Stacey Abrams is currently better organized in Athens than her Democratic opponent.
Students are currently hard at work with canvassing and phone banking for Democratic gubernatorial candidate Stacey Abrams. Phone banking and other get-out-the-vote tactics are essential to Abrams’s strategy of building a grassroots coalition among underrepresented and underappreciated demographics within the Democratic Party.
According to a memo sent to donors early last month, the Abrams campaign has organized more than 100 GOTV events, connecting with over 500,000 voters in the state. This runs parallel with the campaign’s growing field operation and over 20,000 individual donors.
Some question whether this strategy is sound. Abrams has criticized the overuse of broadcast advertisement in past Democratic campaigns and is steadily investing in “creating a two-way dialogue” with voters in Georgia, according to the memo.
The same cannot be said for Stacey Evans’ campaign, which seems to be operating under the traditional blitz model—saving up in the early months to go full force as the primary approaches. In comparison, Evans is doing little get the word out, even in bluer areas like Athens. She has spoken to the Athens-Clarke County Democratic Committee, but the campaign lacks any field operation in Athens or on the UGA campus.
According to the latest poll, Abrams, the former House minority leader from Atlanta, leads Evans, who represented Smyrna in the legislature, in the primary by 12 percentage points, but a whopping 54 percent of voters are still undecided. Neither candidate leads against the Republican frontrunner, Lt. Gov. Casey Cagle; however, Abrams did win over every other Republican option, while Evans only won one of the hypothetical elections.
The Mason-Dixon poll, released Feb. 28, also shows that around 50 percent of registered voters don’t know either candidate. While Evans is expected to release a barrage of ads as the May 22 election approaches, Abrams is taking a more grassroots approach. The UGA group Dawgs4Abrams is filled with young and enthusiastic supporters who feel reinvigorated by the campaign and believe in its direction.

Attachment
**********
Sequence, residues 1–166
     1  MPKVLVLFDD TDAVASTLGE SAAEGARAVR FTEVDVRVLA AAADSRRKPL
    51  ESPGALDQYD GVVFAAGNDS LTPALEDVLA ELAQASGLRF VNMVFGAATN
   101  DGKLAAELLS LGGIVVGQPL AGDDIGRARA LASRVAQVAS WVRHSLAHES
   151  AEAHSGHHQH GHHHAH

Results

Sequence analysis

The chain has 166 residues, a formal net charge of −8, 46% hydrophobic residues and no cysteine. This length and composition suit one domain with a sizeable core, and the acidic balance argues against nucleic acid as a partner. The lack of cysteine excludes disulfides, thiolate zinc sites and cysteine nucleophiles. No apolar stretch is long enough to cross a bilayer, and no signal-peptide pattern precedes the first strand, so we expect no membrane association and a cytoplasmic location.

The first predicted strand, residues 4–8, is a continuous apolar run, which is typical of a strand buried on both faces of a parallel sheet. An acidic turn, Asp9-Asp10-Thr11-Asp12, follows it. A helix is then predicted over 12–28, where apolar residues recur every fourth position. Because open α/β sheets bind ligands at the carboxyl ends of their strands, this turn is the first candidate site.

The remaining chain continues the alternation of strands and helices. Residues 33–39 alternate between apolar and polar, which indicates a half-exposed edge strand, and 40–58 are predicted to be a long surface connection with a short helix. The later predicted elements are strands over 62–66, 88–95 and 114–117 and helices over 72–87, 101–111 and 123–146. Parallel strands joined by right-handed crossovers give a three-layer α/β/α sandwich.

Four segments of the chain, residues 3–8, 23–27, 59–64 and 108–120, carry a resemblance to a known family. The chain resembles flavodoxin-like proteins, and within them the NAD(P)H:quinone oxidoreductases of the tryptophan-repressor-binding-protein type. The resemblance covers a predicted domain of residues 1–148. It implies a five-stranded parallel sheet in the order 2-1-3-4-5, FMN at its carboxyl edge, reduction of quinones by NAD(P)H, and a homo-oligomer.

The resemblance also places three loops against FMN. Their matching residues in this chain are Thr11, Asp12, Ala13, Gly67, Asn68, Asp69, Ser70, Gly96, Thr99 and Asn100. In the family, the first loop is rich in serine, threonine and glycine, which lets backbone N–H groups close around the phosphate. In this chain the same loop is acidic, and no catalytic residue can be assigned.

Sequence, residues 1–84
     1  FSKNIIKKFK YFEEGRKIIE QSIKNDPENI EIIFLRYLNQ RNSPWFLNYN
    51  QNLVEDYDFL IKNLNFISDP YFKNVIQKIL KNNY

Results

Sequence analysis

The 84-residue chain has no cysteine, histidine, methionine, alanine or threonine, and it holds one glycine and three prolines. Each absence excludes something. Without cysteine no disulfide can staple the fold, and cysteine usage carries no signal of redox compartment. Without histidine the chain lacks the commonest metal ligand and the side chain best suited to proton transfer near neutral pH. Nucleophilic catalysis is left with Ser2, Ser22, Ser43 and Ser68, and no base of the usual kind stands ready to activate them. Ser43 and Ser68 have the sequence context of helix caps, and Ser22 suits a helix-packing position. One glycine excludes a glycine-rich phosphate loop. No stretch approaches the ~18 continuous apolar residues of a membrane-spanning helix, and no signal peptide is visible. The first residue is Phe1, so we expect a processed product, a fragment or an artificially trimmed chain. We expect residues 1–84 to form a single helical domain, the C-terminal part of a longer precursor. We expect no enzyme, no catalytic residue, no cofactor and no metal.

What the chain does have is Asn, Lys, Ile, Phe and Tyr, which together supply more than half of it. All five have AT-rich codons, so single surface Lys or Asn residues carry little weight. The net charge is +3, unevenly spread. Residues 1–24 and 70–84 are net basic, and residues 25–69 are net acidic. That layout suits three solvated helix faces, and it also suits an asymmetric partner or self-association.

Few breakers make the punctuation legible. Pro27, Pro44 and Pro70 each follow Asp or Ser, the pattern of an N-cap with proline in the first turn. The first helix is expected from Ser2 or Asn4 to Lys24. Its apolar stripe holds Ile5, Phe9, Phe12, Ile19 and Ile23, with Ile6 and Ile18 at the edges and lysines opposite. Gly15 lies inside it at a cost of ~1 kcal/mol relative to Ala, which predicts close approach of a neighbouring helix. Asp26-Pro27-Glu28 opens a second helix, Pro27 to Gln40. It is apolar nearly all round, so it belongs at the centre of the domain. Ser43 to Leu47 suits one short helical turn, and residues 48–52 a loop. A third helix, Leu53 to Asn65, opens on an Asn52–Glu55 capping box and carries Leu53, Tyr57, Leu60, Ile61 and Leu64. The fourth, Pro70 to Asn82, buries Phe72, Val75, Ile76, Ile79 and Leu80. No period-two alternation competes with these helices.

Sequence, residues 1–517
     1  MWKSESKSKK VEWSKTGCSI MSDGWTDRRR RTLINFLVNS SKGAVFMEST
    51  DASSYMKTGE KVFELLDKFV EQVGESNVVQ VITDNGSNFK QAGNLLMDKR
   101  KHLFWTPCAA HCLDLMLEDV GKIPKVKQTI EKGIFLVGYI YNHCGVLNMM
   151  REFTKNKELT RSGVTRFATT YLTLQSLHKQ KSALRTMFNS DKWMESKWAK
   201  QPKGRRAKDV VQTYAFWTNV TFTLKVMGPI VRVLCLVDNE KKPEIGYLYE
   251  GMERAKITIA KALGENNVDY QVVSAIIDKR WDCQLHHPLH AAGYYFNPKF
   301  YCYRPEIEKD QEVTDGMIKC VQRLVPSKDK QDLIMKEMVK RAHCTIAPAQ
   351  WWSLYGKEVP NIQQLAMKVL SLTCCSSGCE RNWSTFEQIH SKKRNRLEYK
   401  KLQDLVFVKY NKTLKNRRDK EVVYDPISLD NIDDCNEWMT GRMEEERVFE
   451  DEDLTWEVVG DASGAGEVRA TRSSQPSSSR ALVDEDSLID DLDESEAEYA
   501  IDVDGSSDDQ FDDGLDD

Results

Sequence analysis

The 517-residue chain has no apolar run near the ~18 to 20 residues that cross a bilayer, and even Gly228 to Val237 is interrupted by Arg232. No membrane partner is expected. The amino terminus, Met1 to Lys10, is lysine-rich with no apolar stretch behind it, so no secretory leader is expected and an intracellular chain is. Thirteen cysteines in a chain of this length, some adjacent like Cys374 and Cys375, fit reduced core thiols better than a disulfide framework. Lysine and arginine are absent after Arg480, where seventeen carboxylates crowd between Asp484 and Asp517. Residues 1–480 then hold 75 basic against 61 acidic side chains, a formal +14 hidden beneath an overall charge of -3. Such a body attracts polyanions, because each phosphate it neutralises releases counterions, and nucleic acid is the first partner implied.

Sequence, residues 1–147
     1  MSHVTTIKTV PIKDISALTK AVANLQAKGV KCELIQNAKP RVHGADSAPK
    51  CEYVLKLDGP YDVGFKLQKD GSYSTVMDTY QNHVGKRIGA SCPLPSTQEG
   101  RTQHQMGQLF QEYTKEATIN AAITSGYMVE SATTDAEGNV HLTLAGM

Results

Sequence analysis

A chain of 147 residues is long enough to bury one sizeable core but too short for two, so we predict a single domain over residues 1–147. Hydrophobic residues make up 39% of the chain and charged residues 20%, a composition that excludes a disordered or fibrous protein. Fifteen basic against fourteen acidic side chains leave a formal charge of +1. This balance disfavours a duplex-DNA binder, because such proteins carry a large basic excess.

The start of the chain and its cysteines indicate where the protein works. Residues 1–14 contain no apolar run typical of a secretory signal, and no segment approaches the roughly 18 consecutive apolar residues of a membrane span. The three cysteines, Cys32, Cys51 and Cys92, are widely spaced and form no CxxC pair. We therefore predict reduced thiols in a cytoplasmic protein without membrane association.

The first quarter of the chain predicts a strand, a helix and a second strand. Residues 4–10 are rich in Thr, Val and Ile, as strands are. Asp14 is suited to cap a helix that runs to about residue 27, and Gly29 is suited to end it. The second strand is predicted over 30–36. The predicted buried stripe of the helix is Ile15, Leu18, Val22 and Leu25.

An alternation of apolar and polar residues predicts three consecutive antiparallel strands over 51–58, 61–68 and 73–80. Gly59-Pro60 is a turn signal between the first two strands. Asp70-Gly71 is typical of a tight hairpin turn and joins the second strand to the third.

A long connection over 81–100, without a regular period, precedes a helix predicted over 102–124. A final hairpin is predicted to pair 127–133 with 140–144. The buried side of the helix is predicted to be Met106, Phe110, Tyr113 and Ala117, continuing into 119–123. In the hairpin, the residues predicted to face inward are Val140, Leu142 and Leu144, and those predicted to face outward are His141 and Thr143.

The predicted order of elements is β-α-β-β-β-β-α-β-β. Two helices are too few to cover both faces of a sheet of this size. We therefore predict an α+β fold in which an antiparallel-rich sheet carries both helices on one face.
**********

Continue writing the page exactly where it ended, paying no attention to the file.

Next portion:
President Meredith Brasher says Abrams’ chances in the primary are great because of her focus on disenfranchised and underrepresented groups, such as people of color and rural voters. “She’s listening,” Brasher says, and she is “in touch with the electorate.”
Junior Luke Vines connects with Abrams on a more personal note. Vines’ father was diagnosed with cancer and without access to quality health care, he wouldn’t have gone into remission. Abrams’ push to expand Medicaid in Georgia was one of his biggest motivating factors in supporting her. Abrams’ story about being invited to visit the governor’s mansion as her high school’s valedictorian, only to nearly be turned away because her family arrived by bus, resonates with communications intern Jaylen Black.
Photo Credit: House Photo Office
The two Staceys, despite being different races, have a lot of similarities. Abrams was raised in a low-income household in Mississippi, while Evans is the daughter of a single mother from Ringgold and moved 16 times during her childhood. Both went on to success as lawyers and politicians.
Even when looking at each candidate’s platform, any differences seem to be blurred. Both support the expansion of Medicaid, criminal justice reform, universal pre-K and an economic structure that reduces poverty.
One clear distinction between the two is education policy. Evans voted in favor of Gov. Nathan Deal’s failed school takeover, the “Opportunity School District,” and Abrams voted against it. Evans has also championed the HOPE Scholarship in the legislature; Abrams worked with Republicans to cut benefits when the program’s expenses started to outpace lottery revenue. Abrams’ platform includes low-interest loans for college students and free technical college, while Evans is proposing to restore HOPE cuts.